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Systemic viral infection associated with acute and chronic liver disease and hepatocellular carcinoma (HCC)


  • Predominant age: can infect patients of all ages
  • Predominant sex: fulminant hepatitis B virus (HBV): male > female (2:1)
  • In the United States, estimated 38,000 new infections in 2009, 70% due to IV drug use
  • African Americans have the highest rate of acute HBV infection in the United States.
  • Overall rate of new infections is down 82% since 1991 (due to national immunization strategy).
  • U.S. vaccine coverage for the birth dose of HBV increased from 68.6% in 2011 to 71.6% in 2012.

  • In the United States, 800,000–1.4 million people have chronic HBV.
  • Asia and the Pacific Islands have the largest populations at risk for HBV.
  • Chronic HBV worldwide: 350–400 million persons
    • Per year: 1 million deaths
      • 2nd most important carcinogen behind tobacco
      • Of chronic carriers with active disease, 25% die due to complications of cirrhosis or HCC.
      • Of chronic carriers, 75% are Asian.

Etiology and Pathophysiology

HBV is a DNA virus of the Hepadnaviridae family. Highly infective via blood and secretions for at least a week following exposure.

Family history of HBV and/or HCC

Risk Factors

  • The following high-risk groups should be screened for HBV with HBsAg/sAb and subsequently vaccinated if seronegative (1)[A]:
    • Persons born in endemic areas (45% of world)
    • Hemodialysis patients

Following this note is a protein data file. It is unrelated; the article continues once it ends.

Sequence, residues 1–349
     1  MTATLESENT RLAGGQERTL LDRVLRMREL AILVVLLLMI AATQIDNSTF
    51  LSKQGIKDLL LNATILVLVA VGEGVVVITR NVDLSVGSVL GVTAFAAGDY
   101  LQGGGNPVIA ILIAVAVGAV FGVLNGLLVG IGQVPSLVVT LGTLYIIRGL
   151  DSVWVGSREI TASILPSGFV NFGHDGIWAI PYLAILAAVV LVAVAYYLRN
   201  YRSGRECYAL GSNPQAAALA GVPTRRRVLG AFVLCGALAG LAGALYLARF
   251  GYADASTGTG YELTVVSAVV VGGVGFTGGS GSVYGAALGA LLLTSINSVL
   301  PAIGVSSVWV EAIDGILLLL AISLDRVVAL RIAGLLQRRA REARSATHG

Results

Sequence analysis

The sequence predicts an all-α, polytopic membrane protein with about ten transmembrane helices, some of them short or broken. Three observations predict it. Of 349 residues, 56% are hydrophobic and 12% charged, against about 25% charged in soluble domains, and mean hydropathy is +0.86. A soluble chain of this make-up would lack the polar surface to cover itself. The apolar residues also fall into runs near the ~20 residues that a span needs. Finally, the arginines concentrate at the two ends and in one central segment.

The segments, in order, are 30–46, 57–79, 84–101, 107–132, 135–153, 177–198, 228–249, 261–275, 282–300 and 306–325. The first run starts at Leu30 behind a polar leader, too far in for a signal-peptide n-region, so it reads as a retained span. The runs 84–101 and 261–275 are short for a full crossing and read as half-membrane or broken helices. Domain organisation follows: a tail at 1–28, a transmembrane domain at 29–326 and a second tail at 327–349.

• IV drug users (IVDUs), past or present
    • Men who have sex with men (MSM)
    • HIV- and HCV-positive patients
    • Household members of HBsAg carriers
    • Sexual contacts of HBsAg carriers
    • Inmates of correctional facilities
    • Patients with chronically elevated aspartate aminotransferase/alanine aminotransferase (AST/ALT)
  • Additional risk factors:
    • Needle stick/occupational exposure
    • Recipients of blood/products; transplanted organ recipients
    • Intranasal drug users
    • Body piercing/tattoos
    • Survivors of sexual assault

MarkerAcute infectionChronic infectionInactive carrierResolved infectionSusceptible to infectionVaccinated
HBV DNAPresentPresentLow–negative
ALTMarked elevationNormal to mildly elevatedNormalNormal

Pediatric Considerations
  • Shorter acute course; fewer complications
  • 90% of vertical/perinatal infections become chronic.
Pregnancy Considerations
  • Universal prenatal screening with HBsAg (1)[A]
  • High viral load at 28 weeks should prompt consideration to begin treatment with oral nucleos(t)ide medicines at 32 weeks to reduce perinatal transmission (2)[C].
  • Infants born to HBV-infected mothers require HB immune globulin (HBIg) (0.5 mL) and HBV vaccine within 12 hours of birth.
  • Breastfeeding is safe if HBIg and HBV vaccine are administered and the areolar complex is without fissures or open sores. Oral nucleos(t)ide medications are not recommended for lactating mothers.
  • HIV coinfection significantly increases risk of vertical transmission.
  • Continue medications if pregnancy occurs while on an oral antiviral therapy to prevent acute flare.

General Prevention

Most effective: HBV vaccination series (3 doses)

  • Vaccinate
    • All infants at birth and during well-child care visits (3-shot series)
    • All at-risk patients (see “Risk Factors”)
    • Health care and public safety workers
    • Sexual contacts of HBsAg carriers
    • Household contacts of HBsAg carriers
  • Proper hygiene/sanitation by health care workers, IVDU, and tattoo/piercing artists
    • Barrier precautions, needle disposal, sterilization of equipment, cover open cuts
  • Do not share personal items exposed to blood (e.g., nail clipper, razor, toothbrush).
  • Safe sexual practices (condoms)
  • HBsAg carriers cannot donate blood or tissue.
  • Postexposure (e.g., needle stick): HBIg 0.06 mL/kg in <24 hours and vaccination

Commonly Associated Conditions

HIV coinfection, hepatitis C coinfection

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